But who cares how many? What counts is that we learn to use our given personality types. We must learn to present ourselves and share our voices well. 

I’m a scientist in training. A big part of my job is to communicate my research to others. I’ve given a number of presentations on different topics, from my research results to discussing the work of other researchers in my field. I’ve also been to conferences where I had to interact with fellow researchers and present my findings on a conference poster. 

Communication is also a part of being a teaching assistant for undergraduate physics courses. This experience taught me a few things about my introverted personality and communication. It taught me what works best for me when working with students.

By embracing our introverted qualities, we can become effective communicators, teachers, and leaders in our own right. Here’s how:

Start by preparing well and rehearsing your speech. (I even recorded myself sometimes while practicing a presentation. It makes spotting what to improve in the next practice round easier.)

Develop a comfortable approach to speaking: learn the power of body language and practice eye contact. It will be uncomfortable at first. But don’t spook people, though 🙂 Blink occasionally! (I am still working on this one.)

When speaking to groups, focus on the message you want to deliver. If you’ve prepared well, this should not be a problem. Also, if you know someone in the crowd, it helps to make eye contact with them. This can help with confidence when you speak.

Use your introverted strengths in planning and preparation for smooth lesson delivery.

Favor small group activities to foster inclusiveness and deeper engagement.

Capitalize on one-on-one interactions for personalized teaching. Create moments for quiet reflection, which benefits you and some of your quieter students.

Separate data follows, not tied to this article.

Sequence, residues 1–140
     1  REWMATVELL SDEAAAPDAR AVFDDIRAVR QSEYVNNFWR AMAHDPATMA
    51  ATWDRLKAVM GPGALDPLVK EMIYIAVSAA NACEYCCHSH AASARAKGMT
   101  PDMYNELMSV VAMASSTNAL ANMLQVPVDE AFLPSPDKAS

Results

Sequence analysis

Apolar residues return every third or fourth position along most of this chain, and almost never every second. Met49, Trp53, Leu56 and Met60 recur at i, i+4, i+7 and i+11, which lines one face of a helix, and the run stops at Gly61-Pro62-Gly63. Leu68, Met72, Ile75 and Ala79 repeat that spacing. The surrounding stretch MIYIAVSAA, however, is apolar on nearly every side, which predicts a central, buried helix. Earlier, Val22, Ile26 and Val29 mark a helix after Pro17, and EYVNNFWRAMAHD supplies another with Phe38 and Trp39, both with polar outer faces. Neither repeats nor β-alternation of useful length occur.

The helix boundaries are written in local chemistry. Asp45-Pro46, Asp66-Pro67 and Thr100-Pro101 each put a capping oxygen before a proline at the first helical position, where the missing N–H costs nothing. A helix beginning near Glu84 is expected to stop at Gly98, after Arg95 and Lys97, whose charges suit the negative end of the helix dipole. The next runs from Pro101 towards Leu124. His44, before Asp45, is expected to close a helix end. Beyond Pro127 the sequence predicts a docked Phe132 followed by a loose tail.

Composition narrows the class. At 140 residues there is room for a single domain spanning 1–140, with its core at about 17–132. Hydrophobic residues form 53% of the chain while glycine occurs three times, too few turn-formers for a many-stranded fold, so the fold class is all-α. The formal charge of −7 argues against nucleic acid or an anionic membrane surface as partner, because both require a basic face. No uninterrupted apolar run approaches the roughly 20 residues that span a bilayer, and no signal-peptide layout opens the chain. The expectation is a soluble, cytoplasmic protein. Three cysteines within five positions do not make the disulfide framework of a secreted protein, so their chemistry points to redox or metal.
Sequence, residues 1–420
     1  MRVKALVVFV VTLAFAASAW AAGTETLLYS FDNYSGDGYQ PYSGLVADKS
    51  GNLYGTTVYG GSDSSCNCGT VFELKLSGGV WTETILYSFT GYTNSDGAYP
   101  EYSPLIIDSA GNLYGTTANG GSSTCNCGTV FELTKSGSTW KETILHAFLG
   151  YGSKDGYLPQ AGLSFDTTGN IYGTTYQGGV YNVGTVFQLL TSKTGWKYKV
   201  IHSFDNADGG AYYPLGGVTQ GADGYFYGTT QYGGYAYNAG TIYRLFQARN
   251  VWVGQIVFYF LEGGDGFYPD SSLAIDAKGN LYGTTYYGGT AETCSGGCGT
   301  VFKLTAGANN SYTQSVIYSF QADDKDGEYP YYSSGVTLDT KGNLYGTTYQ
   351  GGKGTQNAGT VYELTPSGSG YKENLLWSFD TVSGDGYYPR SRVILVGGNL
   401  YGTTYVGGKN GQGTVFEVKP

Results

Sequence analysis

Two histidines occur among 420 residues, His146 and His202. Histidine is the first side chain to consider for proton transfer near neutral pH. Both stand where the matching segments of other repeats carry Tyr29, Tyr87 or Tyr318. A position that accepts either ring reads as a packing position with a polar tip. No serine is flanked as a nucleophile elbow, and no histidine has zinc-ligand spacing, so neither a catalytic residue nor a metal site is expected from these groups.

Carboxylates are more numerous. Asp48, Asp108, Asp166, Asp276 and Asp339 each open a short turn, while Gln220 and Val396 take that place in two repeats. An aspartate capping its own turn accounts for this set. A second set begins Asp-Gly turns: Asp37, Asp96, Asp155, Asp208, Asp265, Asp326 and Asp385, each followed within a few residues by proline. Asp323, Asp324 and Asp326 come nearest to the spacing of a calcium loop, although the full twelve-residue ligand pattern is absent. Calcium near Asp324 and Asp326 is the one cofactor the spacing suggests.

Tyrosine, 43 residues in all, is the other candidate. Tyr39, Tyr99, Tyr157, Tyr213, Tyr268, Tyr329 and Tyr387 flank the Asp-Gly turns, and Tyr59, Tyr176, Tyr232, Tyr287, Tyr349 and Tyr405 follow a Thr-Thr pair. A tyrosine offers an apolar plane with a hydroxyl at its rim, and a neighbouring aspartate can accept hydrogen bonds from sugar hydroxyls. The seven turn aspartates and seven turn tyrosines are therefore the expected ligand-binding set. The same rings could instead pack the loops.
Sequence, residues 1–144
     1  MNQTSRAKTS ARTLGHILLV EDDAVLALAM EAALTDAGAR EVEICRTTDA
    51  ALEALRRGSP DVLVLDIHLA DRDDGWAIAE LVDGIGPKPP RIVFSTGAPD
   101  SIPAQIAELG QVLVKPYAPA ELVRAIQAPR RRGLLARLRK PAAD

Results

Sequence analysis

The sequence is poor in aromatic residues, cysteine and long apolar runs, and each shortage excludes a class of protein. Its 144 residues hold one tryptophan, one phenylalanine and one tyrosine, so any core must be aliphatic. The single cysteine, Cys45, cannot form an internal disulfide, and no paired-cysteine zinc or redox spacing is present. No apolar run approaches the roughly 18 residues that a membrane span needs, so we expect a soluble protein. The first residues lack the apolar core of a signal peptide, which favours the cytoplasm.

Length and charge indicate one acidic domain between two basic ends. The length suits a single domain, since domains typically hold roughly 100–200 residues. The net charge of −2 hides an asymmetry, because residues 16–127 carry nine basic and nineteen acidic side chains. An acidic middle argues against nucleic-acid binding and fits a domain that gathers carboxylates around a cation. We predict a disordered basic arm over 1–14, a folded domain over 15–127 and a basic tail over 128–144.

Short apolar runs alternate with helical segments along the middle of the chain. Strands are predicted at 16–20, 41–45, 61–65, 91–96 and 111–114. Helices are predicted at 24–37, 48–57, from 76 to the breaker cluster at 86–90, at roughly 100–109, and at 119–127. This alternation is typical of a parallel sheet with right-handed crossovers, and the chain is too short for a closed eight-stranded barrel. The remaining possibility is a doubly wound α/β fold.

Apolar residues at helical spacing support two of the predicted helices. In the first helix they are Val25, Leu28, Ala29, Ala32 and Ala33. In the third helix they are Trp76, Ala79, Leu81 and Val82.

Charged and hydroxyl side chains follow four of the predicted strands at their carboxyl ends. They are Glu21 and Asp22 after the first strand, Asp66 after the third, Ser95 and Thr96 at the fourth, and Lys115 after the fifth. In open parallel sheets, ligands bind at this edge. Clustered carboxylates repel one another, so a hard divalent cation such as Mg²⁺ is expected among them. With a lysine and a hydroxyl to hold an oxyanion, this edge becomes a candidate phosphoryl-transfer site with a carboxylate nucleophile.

Embrace your unique teaching style, reflecting on and refining your methods continually.

Leverage written communication to articulate your ideas clearly.

Choose networking opportunities that match your comfort level. These include smaller, focused events and online platforms.

Commit to continuous learning and self-improvement. This will enhance your leadership skills in a way that respects your introverted nature.

Wrapping It Up

In conclusion, introversion in STEM is not a barrier but an asset. When recognized and harnessed, it can lead to big impacts in your personal and work life.

That’s all I had to say for today. If I met my younger self of 5-6 years ago and gave advice, I would say to focus on my strengths. I would say to double down on learning to communicate well and write clearly. I am still learning. 

I hope this helped. Thanks for reading!


  1. W. Killgore, J. Richards, Desiree B. Killgore, G. Kamimori, T. Balkin, Journal of Sleep Research
  2. Taylor, Daniel J. and Robert M. McFatter. “Cognitive performance after sleep deprivation: does personality make a difference?” Personality and Individual Differences 34 (2003): 1179-1193.
  3. Simpson, Cydney (2007) “The Relationship between Extraversion-Introversion on Memory Task Performance,” The Huron University College Journal of Learning and Motivation: Vol. 45: Iss. 1, Article 17. Available at:
  4. Johnson, D. L., Wiebe, J. S., Gold, S. M., Andreasen, N. C., Hichwa, R. D., Watkins, G. L., & Boles Ponto, L. L. (1999). Cerebral Blood Flow and Personality: A Positron Emission Tomography Study. American Journal of Psychiatry, 156(2), 252–257. doi:10.1176/ajp.156.2.252
  5. Farrell, Maggie. “Leadership Reflections: Extrovert and Introvert Leaders.” Journal of Library Administration 57 (2017): 436 – 443.